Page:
Posted on 1/30/2018 10:00 AM
The FDA provided insight into their overall vision for clinical trial transparency last week, announcing a new program to publicly release clinical study reports (CSRs) that accompany drug approval submissions. They plan to pilot nine recently-approved drugs (yet to be determined) from volunteer sponsors, with CSRs to be posted to the FDA’s drug approval database, Drugs@FDA. This will provide the general public with much deeper background about the individual pivotal trials contributing to the regulatory agency’s approval decisions, including trial protocols, statistical analysis plans, and result summaries regarding the drug’s safety and efficacy.
While this may be new in the US, regulatory agencies automatically publishing drug submission documents upon approval is hardly a new concept for global sponsors. In Europe, the EMA Policy 0070 and Clinical Trial Regulation already outline similar requirements, and Canada has also drafted regulations. Nevertheless, progress in this direction will lead to an increased need for document anonymization and redaction, meeting the needs for transparency while protecting patient privacy and company confidential information.
Of course, any document made available on a government-sponsored public website is immediately available to a worldwide audience, regardless of who published it and where; however, from a practical standpoint, it is unreasonable to expect interested parties to cross-reference several databases to find all the pertinent information about a new drug. Even within the US, information resides in multiple places (ClinicalTrials.gov and Drugs@FDA, for example). The FDA acknowledges this problem, and does address it to a certain extent. For example, the ClinicalTrials.gov trial identifier, known as the NCT number, will start to be included in FDA drug approval materials. While this doesn’t eliminate the need entirely, it should ease the process of cross-checking these various repositories.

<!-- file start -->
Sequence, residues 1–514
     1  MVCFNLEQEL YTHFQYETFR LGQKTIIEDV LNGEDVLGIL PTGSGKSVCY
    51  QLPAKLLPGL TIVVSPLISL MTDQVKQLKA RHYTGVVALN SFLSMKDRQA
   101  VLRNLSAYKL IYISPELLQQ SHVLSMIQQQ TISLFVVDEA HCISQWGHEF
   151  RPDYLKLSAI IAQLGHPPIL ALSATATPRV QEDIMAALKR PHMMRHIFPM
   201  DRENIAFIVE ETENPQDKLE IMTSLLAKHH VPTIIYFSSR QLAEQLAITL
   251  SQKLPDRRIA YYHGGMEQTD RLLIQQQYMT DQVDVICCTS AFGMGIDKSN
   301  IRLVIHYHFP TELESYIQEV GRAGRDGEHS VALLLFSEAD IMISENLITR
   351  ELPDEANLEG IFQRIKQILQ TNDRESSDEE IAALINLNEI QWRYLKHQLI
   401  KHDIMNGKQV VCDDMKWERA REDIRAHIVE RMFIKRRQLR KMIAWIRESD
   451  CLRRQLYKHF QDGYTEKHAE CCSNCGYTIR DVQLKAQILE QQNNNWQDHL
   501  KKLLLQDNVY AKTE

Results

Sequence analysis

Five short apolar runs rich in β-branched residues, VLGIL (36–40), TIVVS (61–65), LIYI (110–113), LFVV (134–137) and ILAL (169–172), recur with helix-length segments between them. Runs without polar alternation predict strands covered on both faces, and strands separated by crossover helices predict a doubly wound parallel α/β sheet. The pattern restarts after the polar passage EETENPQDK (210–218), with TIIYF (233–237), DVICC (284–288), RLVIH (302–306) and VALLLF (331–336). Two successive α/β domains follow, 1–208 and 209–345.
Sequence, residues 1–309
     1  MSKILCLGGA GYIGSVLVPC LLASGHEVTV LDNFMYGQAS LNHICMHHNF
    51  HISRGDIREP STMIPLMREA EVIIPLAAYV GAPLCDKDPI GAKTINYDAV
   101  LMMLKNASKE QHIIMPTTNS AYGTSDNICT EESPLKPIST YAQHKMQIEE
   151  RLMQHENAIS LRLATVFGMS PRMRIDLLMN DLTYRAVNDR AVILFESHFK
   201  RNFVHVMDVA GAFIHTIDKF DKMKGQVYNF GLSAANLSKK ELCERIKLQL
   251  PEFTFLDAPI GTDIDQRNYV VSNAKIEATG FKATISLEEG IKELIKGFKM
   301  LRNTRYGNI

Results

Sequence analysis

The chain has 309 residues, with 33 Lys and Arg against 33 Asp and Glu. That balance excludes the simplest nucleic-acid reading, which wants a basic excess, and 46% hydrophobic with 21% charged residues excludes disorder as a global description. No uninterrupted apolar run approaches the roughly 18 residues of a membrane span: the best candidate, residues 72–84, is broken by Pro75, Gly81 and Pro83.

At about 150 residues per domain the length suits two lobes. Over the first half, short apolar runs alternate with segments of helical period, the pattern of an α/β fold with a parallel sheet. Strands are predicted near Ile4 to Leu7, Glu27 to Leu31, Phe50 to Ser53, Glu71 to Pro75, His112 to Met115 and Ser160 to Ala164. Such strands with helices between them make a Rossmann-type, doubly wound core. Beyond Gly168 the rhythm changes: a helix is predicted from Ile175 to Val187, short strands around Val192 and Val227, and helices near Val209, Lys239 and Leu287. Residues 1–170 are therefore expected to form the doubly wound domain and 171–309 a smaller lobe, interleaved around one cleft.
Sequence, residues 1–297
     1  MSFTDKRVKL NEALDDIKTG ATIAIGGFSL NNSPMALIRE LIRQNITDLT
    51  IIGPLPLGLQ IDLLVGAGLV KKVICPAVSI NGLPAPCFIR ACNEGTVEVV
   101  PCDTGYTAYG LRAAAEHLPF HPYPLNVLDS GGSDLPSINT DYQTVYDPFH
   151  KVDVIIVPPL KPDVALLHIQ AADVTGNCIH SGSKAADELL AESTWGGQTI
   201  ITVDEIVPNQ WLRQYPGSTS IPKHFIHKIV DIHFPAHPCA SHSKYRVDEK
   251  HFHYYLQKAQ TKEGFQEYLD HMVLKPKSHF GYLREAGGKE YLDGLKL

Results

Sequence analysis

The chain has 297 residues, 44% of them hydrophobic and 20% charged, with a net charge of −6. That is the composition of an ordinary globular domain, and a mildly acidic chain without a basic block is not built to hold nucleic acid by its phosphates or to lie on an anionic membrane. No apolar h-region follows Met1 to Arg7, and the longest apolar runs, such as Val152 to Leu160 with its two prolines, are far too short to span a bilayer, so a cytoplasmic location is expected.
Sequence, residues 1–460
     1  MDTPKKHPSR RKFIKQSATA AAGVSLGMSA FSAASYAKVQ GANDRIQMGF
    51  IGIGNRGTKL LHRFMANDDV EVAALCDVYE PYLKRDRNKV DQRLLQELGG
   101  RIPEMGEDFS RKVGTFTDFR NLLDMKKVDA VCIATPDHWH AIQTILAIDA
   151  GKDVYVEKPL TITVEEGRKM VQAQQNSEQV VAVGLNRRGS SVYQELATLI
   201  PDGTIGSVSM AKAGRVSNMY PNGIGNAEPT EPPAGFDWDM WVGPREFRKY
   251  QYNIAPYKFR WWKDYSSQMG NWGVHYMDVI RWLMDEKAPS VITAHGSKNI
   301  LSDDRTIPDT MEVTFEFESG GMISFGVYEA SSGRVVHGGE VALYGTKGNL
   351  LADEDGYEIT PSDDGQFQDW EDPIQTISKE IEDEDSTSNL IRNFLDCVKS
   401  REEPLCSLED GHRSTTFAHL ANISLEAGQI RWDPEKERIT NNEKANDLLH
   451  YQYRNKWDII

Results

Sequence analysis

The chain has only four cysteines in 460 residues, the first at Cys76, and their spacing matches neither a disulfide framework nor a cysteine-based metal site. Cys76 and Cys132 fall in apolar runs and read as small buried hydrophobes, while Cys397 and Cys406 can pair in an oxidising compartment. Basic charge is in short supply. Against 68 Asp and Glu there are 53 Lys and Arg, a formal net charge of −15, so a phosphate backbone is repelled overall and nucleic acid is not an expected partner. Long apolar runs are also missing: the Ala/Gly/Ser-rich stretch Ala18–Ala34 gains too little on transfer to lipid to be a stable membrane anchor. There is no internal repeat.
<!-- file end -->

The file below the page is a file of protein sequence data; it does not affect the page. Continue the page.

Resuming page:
We’re arriving to a point where agencies, researchers, sponsors, participants, and other stakeholders universally recognize the value and importance of transparency in clinical research. Now, regulatory agencies need to work together to harmonize standards, reduce burden on sponsors, and make it easier for the public to locate and digest this necessary information.